--If you want a book with kickass women main characters and really frightening villains, these are the books to go with. It also addresses sex in a very positive way and the author has not used her book as a venue for her abstinence rhetoric like Twilight.

The Incarceron Series by Catherine Fisher (Incarceron and later this year, Sapphique)
--I just finished this book and it was fascinating. Not only was the main female character very strong and independent but the plot and story of the book itself was one of the most unique I have seen recently. Many critics have proclaimed this some of the best and original fantasy to come out in quite a while.

Brightly Woven by Alexandra Bracken
--This is an "other world" fantasy novel but quite interesting with a strong, likeable female lead as well. Quite enjoyable. Plus, the author is only in her early-twenties, just out of college and the writing is well done which I find pretty impressive.

The Vampire Academy Series by Richelle Mead (Vampire Academy, Frostbite, Shadow Kiss, Blood Promise, Spirit Bound and a 6th book coming out in December)
--Ok, so the title is a bit off-putting but I really enjoy these books. The voice of the novel is a young woman in her late teens who is trained to kill vampires and has a "Don't eff with me attitude" which I find refreshing. Her bff in the book is also pretty strong. Another thing about this series is that it doesn't downplay what being a teen is actually like. And the version of vampires in the story is much different than others out there.

Lonely Werewolf Girl by Martin Millar
--This book is hilarious and features a variety of strong female characters.

Books that have lame female leads:
--Forest of Hands and Teeth
--The Vampire Diaries series (tv show is so much better!)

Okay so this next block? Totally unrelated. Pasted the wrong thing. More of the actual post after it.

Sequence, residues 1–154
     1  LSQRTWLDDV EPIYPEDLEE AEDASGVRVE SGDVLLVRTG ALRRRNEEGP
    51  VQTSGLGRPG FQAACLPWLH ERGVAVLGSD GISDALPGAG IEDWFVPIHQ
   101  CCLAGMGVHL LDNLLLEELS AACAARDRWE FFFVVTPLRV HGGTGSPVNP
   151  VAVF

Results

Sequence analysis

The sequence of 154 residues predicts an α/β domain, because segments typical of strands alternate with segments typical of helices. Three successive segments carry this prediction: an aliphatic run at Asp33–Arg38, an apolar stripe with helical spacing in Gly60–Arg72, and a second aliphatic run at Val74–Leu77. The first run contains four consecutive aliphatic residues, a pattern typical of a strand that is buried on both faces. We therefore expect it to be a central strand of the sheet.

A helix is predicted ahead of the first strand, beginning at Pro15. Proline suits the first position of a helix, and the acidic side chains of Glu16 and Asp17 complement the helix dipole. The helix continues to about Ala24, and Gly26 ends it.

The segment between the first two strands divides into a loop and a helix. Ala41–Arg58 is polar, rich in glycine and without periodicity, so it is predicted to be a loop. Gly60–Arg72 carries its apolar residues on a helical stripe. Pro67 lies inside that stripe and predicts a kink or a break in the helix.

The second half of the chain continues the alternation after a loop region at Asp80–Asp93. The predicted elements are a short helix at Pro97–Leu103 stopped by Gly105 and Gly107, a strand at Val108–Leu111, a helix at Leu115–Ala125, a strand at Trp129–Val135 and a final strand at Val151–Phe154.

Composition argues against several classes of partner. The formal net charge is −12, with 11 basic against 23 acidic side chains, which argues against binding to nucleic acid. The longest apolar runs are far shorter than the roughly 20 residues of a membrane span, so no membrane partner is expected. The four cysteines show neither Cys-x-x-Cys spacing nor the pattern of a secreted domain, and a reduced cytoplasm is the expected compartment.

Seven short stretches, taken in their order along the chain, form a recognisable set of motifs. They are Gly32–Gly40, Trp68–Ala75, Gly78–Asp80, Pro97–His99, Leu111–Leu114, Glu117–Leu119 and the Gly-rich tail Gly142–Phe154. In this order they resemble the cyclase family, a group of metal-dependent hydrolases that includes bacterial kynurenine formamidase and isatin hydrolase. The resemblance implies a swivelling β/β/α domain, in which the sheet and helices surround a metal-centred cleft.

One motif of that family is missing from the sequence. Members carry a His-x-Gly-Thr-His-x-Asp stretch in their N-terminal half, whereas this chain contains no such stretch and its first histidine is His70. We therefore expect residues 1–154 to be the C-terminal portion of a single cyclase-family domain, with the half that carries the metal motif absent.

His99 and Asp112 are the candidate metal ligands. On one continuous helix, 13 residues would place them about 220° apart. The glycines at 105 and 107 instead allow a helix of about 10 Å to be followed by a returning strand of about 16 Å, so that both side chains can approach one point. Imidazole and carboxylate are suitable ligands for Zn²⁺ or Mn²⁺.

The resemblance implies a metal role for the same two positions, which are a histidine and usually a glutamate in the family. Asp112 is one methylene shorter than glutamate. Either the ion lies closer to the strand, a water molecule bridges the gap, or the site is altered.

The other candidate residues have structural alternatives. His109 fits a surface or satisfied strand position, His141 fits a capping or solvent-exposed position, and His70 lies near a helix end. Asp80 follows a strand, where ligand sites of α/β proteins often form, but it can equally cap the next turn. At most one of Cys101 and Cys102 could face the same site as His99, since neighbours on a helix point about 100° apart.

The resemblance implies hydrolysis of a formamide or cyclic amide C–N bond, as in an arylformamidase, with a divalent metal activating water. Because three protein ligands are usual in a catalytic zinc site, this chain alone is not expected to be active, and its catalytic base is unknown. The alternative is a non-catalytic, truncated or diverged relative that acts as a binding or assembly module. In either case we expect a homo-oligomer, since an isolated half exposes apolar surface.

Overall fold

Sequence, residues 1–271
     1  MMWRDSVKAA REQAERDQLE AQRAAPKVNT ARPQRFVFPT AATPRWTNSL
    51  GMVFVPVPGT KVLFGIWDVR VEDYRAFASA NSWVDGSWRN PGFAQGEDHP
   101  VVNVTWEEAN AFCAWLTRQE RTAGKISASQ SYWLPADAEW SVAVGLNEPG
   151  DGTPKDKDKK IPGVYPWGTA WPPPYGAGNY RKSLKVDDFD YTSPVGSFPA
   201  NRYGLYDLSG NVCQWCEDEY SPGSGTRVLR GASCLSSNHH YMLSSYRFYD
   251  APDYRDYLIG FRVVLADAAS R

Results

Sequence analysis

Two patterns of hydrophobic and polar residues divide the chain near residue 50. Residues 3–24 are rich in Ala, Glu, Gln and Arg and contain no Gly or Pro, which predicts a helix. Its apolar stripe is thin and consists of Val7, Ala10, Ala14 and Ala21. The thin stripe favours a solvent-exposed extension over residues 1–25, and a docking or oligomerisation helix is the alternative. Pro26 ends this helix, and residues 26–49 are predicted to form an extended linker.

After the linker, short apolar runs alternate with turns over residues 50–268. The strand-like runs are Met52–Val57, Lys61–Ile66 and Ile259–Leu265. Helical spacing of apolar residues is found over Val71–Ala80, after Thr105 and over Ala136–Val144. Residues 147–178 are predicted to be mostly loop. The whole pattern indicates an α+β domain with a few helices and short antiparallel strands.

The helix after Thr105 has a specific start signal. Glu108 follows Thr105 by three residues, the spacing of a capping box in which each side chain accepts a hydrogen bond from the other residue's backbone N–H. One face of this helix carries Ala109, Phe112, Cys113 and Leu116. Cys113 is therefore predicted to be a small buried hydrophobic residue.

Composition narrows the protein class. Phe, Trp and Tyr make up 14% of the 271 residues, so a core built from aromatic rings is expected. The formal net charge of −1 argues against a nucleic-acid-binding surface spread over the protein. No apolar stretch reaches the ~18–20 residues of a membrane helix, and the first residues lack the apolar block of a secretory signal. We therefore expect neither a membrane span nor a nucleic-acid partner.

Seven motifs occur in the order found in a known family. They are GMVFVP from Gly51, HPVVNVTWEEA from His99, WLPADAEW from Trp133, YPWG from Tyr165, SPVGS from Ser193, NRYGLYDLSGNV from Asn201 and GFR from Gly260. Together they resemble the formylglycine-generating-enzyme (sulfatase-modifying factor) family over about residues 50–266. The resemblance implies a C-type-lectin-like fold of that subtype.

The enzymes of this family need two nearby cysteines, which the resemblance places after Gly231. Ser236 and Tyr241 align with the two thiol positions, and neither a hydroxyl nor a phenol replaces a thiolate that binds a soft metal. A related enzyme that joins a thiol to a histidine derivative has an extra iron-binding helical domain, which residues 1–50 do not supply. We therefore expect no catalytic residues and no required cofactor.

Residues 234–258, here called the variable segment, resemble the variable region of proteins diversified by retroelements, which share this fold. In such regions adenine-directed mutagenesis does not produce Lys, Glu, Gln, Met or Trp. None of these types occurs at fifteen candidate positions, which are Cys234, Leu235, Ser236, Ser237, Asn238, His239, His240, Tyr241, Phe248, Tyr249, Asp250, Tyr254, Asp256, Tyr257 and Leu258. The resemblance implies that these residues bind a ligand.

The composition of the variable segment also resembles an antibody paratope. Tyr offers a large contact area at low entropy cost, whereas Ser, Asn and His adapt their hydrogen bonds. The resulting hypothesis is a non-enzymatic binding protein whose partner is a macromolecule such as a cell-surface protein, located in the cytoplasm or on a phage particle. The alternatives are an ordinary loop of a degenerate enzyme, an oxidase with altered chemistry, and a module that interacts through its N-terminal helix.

Sharon Creech and Karen

Sharon Creech and Karen Cushman were the ones for me. I was typically reading historical fiction at that age. I would also recommend Ann Rinaldi for historic tomes with great female leads. I also remember loving The Forestwife by Theresa Tomlinson. And every year I read Little Women, just because.

Another excellent YA book is

Another excellent YA book is "Ash", by Malinda Lo. A different take on the Cinderella story.

History Lesson for Girls by

History Lesson for Girls by Aurelie Sheehan, for sure!

out of the dust by karen

out of the dust by karen hesse, too.

koo name

I was just thinking of THE WESTING GAME. Turtle Wexler is such a great character. Has anyone read THE LIBYRINTH?henli

I'm a YA librarian too, so

I'm a YA librarian too, so I'm always looking for awesome stuff I can rec for teen girls. I love so many of the titles already mentioned, but I couldn't resist recommending a few more.

<i>Sisters Red</i> by Jackson Pearce - It features a fantastic pair of sisters who hunt werewolves. Think little red riding hood with a paranormal bent and strong teen girls.

<i>Eyes Like Stars</i> and the rest of the Théâtre Illuminata series by Lisa Mantchev - The main character, Bertie, is stubborn and independent and tons of fun, and there's a gorgeously done love triangle in the second book that's all about self discovery.

<i>The Case of the Missing Marquess</i> and the whole Enola Holmes series by Nancy Springer - These veer a bit more middle grade than YA, but Enola is fiercely independent and whip smart and they're really well written.

<i>Silver Phoenix: Beyond the Kingdom of Xia</i> by Cindy Pon - This is an excellent historical fantasy, with a world inspired by ancient China, starring a tough, smart heroine on a quest. I loved that Ai Ling was by turns vulnerable and aggressive, she definitely read as teenager to the core.

<i>The Bermudez Triangle</i> by Maureen Johnson - Because it's a great story about falling in love with one of your best friends and figuring out that maybe you're gay, and it's also a story about growing older and what that does to friendships, AND it's funny enough to have you laughing out loud on the bus. Good times.